Log 20-9-13 The Importance of cultivating good friends
September 18, 2013
If you regularly keep the company of wishy washy people – then as time goes by, you will also end up as a wishy washy person and probably end up going nowhere.
But if you take just a bit of trouble and choose your friends carefully – then you find as time goes by people will begin to take you very seriously and even entrust you to do very big things and you will rise.
As good friends will always teach you how to live, work, play and even die in the correct way. Bad friends on the other hand will just waste your time and lead you to live a life of dissipation.
“When I first turned the wheel of life as a farmer. I faced many difficulties. In my first year, I was harassed, cheated and even regarded by many as an inconsequential person. My life was very difficult and no one was remotely interested in what to I had to say or was doing.
One day I started to raise my head and look beyond my tiny veggie patch – I began to notice there were some men who never seem to face the same difficulties as me. They were seldom harassed, no one stole or even tried to cheat them and everyone seem to regard them highly enough to prick up their ears whenever they spoke.
I began to wonder why? That was when I decided to find out more about these men – I noticed they were all very simple men. Some of them may not have had much education, but they were nonetheless men who one would well to have in their good books. As these were very serious men.
So I began to spend time with these men. I would go to the kopitiam at day break and take my seat to the East. As this is where all things begin. When these men spoke I would be expected to keep silent and just pour tea for all of them – I did not speak much as my Hokkien was not very cheem, so I only listened most of the time and from there I slowly learnt about how I should behave to keep the harmony between heaven and earth.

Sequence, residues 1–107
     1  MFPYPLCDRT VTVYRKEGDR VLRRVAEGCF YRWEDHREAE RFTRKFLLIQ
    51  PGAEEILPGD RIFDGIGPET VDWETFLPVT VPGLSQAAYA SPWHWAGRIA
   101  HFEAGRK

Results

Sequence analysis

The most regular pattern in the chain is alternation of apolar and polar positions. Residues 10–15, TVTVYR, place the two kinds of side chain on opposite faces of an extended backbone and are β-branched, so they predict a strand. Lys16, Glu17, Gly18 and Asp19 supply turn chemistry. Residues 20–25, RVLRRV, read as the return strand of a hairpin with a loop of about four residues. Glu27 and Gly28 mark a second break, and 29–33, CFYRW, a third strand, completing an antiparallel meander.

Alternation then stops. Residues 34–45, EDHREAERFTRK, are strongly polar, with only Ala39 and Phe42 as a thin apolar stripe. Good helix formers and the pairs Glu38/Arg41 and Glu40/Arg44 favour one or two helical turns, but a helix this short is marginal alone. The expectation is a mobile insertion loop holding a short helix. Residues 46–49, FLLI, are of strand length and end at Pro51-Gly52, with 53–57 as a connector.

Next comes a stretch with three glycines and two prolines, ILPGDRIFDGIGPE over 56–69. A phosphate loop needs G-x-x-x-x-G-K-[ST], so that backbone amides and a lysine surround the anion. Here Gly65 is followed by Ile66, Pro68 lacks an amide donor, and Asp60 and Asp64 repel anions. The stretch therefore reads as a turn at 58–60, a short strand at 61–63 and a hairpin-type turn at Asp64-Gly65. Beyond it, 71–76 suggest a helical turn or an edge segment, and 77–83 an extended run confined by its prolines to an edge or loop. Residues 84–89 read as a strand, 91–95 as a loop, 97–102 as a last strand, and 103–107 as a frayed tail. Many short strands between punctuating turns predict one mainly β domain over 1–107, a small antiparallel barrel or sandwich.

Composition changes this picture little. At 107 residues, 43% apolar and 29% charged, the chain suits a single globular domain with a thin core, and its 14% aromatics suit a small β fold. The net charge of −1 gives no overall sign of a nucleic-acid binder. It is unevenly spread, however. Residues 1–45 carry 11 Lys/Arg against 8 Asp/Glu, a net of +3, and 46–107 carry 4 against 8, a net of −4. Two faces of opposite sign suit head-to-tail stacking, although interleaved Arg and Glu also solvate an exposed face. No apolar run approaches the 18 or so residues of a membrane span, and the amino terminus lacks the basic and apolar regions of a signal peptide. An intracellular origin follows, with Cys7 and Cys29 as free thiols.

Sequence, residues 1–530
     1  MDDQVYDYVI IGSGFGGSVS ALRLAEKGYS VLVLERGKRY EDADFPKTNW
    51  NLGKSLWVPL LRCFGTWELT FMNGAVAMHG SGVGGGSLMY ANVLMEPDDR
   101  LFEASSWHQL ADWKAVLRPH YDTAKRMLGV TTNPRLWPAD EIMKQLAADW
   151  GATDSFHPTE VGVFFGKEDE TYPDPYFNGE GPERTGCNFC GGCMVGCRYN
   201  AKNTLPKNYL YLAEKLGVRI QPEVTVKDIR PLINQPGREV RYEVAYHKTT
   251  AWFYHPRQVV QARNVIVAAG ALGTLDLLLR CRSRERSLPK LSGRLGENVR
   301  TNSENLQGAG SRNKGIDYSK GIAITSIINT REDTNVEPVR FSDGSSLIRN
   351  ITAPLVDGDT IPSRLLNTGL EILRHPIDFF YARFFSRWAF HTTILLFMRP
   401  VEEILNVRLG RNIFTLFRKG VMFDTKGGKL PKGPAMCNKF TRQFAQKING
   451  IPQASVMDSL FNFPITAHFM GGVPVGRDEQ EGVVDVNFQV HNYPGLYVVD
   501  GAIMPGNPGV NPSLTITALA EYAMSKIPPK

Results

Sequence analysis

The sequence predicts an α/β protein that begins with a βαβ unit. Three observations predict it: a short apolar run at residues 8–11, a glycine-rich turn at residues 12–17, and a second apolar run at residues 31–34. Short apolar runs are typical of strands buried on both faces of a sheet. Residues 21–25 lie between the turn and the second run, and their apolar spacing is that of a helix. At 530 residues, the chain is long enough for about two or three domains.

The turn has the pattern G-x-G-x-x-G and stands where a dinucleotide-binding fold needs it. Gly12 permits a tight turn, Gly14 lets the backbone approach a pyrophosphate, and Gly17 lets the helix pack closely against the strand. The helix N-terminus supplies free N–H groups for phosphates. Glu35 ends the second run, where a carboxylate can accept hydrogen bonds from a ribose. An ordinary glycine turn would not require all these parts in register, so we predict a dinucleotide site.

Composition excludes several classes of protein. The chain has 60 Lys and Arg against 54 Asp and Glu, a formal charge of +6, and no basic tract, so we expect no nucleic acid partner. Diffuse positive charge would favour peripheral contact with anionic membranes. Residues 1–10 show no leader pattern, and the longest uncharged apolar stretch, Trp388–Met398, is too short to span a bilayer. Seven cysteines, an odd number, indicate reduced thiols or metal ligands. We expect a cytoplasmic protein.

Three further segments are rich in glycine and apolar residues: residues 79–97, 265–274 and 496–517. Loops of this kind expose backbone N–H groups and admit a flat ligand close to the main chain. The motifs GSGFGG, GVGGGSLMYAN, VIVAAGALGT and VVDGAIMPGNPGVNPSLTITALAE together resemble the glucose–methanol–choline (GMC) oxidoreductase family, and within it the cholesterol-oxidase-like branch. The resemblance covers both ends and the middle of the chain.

Eventually I dressed, walked, talked and even began to see the world through the eyes of these men – I cannot recall precisely how this process of change came about. I can only tell you that one day it occurred to me that I was no longer sitting on the chair that faced east, pouring tea or keeping quiet any longer.
I remember that day very clearly. As the proprietor of the kopitiam had recently hung a large mirror on the wall next to the table where I usually sit with my friends for breakfast – that was when I noticed him. I did not recognize this stranger at first. Perhaps it was his sunglasses that he always seem to wear and hardly took off. Or maybe it was the brusque manner in which he carried himself in his bush jacket or just the quiet and calm manner in which he looked on impassively at the world as it unfurled that morning – it’s very hard to say.
Who was this man I wondered to myself? That was when a younger man wearing a baseball cap who sat on the chair facing east clink my cup with the spout of the teapot as he refilled my cup – this must have awakened me from my reverie and I realized there and then, those men have all passed on and only this hard man is left.
I often wonder to myself during these moments of deep reflection how fleeting life is and how time seems to past me by changing everything in one blink of an eye.”